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People are always asking me to talk about VERTIGO. One of my clients said he was having ongoing Vertigo, and asked if I knew what he could do about it, as the doctors didn’t seem to know what was causing it, or at least they did not tell him when he asked. What follows is the results of my research, which any of you can do on your own if you want more information than what you will read here.

Image result for pics related to vertigo

Vertigo is a symptom of something else happening in your body. It is not the cause of something else. There are different types of Vertigo. Inner ear problems are the cause of the most common type called BPPV – benign paroxysmal positional vertigo, which means tiny calcium particles clump up in the canals of the inner ear. Next, is Meniere’s vertigo – and inner ear disorder thought to be caused by a buildup of fluid changing the pressure in the ear. You will have episodes of ringing in the ears (tinnitus) and hearing loss. Other Vertigo incidences can be caused by or related to infection (viral), which causes inflammation in the inner ear around nerves that help the balance of the body. Vertigo can also be associated with head/neck injuries, brain problems, e.g. stroke or tumor. Vertigo can be the result of medications taken that cause ear damage. Migraine headaches and just plain headaches may also result in Vertigo. (Information source – Mayo Clinic).

I was surprised to find another source that indicated Vertigo can be the result of ‘snoring’. Bad posture can also cause Vertigo attacks.

What can you do? What are the symptoms associated with Vertigo. The symptoms can vary, however, many of the symptoms may be the same. Most of the symptoms include: light-headed feeling, headaches, nausea, vomiting, dizziness from spinning, to severe dizziness, loss of balance, sensitivity to light, motion and sound.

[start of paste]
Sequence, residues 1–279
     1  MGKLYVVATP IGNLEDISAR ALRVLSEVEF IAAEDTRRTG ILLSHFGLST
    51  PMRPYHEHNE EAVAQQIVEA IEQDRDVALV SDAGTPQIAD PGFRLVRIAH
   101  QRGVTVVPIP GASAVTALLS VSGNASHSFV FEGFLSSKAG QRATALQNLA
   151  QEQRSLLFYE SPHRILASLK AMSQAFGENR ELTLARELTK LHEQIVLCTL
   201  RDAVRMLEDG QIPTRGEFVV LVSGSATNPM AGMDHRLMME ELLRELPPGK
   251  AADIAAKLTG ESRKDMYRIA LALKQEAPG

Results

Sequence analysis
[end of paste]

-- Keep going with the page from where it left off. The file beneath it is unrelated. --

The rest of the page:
Vertigo can be unpredictable, and incapacitating. Most folks report the most difficult part is not being where it is safe when an episode occurs. They claim to be exhausted, and feel the need to sleep. Attacks can last anywhere from 2 to 4 hours or days, or weeks. My client’s Vertigo has lasted for months, and I know people who have had to deal with it for years before they were able to get it under control.  Vertigo is hard to diagnose. Doctors may put you through numerous tests, and give you medications to treat the symptoms. However, these medicines are nearly as limiting as the disease because of the side effects e.g. drowsiness and/or balance issues. Some doctors may go even as far as suggesting surgery, where the nerve of the inner ear is cut. THAT WOULD BE A NO, NO!

This being said, there are other ways of addressing the Vertigo Issue.  You must determine the cause (real issue) and treat it, and not just the symptoms. You may want to contact an herbalist for suggestions as to what herbs you can take to treat the issue naturally. Some herbs that seem to work include: Astragalus, which boosts metabolism and improves energy levels; Pueraria and Vitics Fructus, known for relieving headaches and dizziness, relieving tinnitus, and improving microcirculation in the inner ear; Cimicifuge, Common Peony Root and Licorice – helps relax tenses neck and shoulder muscles, calms nerves, alleviates pain; Phellodendron – helps to remove excessive fluid in the inner ear; Chinese Angelica Root to tone the blood and invigorate blood circulation; Codonopsis Root – to fight stress and fatigue. You can google a product called Inner-Ear Balance which has all of these ingredients.

Last but not least – Exercises for Vertigo Relief. The ‘WebMD’ recommends 3 remedies for Vertigo, namely the Epley Maneuver, the Semont Maneuver, and the Half-Somersault or Foster Maneuver. Click on the video’s which lets you see how to do the maneuvers, rather than me just telling you.

As I said earlier, the most common type of Vertigo is BPPV – where small crystals of calcium get loose in you inner ear. You feel off balance and may be a little dizzy when you get out of bed. This is the type my client was finally diagnosed to have. It is common in people over the age of 60, but it is also the easiest type of vertigo to treat. Be sure to see your doctor first. Your doctor or a therapist can show you how to do these moves. Children can also be prone to Vertigo attacks.

As you saw in the videos these maneuvers will help to relieve vertigo. The Semont Maneuver is treated similarly. Google Semont Maneuver and the ‘Healthline’ site will come up and give you instructions for this maneuver.

AGAIN – Get a diagnosis from the doctor and work with a therapist to learn these maneuvers – then you can do them at home. My client has been doing these exercises and with success. His Vertigo is slowly subsiding.

FOLLOW UP – for the rest of the day after doing any of these exercises, try not to tilt your head too far up or down. Listen to the doctor/therapist and do not hesitate to ask questions if you do not understand something. If the exercises are not working you might not be doing them correctly – OR – something else might be the cause of your Vertigo/dizziness.


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